The offer aggregator still has to know what adjustments to make, because the list of
adjuster classes is hardcoded. We hope at least some of you have just had a lightbulb
moment and realized that it's not just the list of special offers that could be injected by
Blueprint—the list of adjustments could also be injected. This would make the get-
CurrentOffers() method wonderfully short and generic.
How much should you use Blueprint and OSG i services? With a bit of determination,
it's probably possible to code an entire application without ever constructing one class
from another. This doesn't mean it's a good idea! Despite Blueprint's elegance, getting
an instance of an interface via Blueprint is a bit more work than just constructing the
darn thing. In many cases, the decoupling offered by Blueprint clearly justifies having
to write one or two lines of XML , but for some parts of your application, the transpar-
ency and concision of close coupling is fine. We'll discuss architectural patterns for
Blueprint and alternate dependency injection frameworks more in chapter 6.
In the case of Fancy Foods, using Blueprint to publish special offers feels right.
The list of special offers will be changing regularly, so hardcoding them isn't a good
idea. Each department will know what's best to offer when—pink chocolates at Valen-
tine's Day, cheese when it's approaching its sell-by date. The logic for aggregating the
offers, on the other hand, will probably always be centrally managed. You wouldn't
want a chocolate maniac in the chocolate department to be able to publish a rule that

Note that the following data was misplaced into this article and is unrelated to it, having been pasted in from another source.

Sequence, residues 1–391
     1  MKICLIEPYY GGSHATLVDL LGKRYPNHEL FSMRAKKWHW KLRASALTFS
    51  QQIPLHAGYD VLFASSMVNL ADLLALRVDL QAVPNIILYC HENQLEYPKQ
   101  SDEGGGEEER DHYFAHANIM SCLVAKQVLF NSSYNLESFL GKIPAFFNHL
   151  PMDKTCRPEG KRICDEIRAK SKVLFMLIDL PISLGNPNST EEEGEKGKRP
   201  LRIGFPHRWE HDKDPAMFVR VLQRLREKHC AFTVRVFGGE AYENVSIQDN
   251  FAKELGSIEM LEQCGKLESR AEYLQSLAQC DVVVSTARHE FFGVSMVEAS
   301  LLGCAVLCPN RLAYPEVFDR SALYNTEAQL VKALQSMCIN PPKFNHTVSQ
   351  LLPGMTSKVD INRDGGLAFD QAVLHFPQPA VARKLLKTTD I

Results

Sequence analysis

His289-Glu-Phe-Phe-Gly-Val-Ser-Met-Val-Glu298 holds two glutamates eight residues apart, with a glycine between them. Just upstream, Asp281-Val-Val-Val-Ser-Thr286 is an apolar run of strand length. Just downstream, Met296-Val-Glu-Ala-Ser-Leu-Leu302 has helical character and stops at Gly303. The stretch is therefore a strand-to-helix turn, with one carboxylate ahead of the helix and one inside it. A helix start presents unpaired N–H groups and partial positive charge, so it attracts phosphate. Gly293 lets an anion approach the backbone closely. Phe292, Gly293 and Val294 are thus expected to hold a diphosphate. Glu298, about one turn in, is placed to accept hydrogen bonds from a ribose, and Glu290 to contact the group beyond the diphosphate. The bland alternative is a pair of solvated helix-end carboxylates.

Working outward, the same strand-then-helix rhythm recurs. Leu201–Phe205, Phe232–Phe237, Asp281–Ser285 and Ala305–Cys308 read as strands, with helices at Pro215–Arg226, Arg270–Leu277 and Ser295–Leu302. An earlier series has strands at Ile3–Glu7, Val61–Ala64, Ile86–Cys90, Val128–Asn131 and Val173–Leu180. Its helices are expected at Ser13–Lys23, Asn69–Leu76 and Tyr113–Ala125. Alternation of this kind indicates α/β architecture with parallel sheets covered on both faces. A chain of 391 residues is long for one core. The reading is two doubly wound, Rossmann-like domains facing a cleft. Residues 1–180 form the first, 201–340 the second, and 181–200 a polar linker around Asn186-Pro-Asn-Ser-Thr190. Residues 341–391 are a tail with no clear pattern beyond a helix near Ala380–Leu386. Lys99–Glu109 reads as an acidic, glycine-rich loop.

always put chocolate offers first in the pile of promotions! Bearing this in mind, even
though you could rewrite the offer aggregator to be even more service-oriented, it's
probably not worth it—listing 2.11 is good as it is.
Blueprint beans can be wired together to get some pretty complex behavior. Blue-
print isn't a substitute for good, old-fashioned Java code, but it sometimes can make it
an awful lot shorter!
Spring and Blueprint
If you think this looks a lot like Spring Dynamic Modules, you're right. Blueprint is
based on Spring DM. Blueprint does have some areas of technical difference from
Spring DM, but the most significant difference is that Blueprint is an open standard.
We'll be coming back to Blueprint and some of its more advanced features in chap-
ter 6. For now, we'll show you how to get the web frontend talking to the current
Bridging JNDI and OSGi
The final piece is to hook these special offers up to the servlet. There's a snag,
though—most web container implementations aren't fully integrated with Blueprint
(and at the moment, there's nothing in the specification that says they should be).
The problem is that the Blueprint container takes a lot of control over the lifecycle of
Blueprint beans—it identifies when the services they require are present, instantiates
Search WWH ::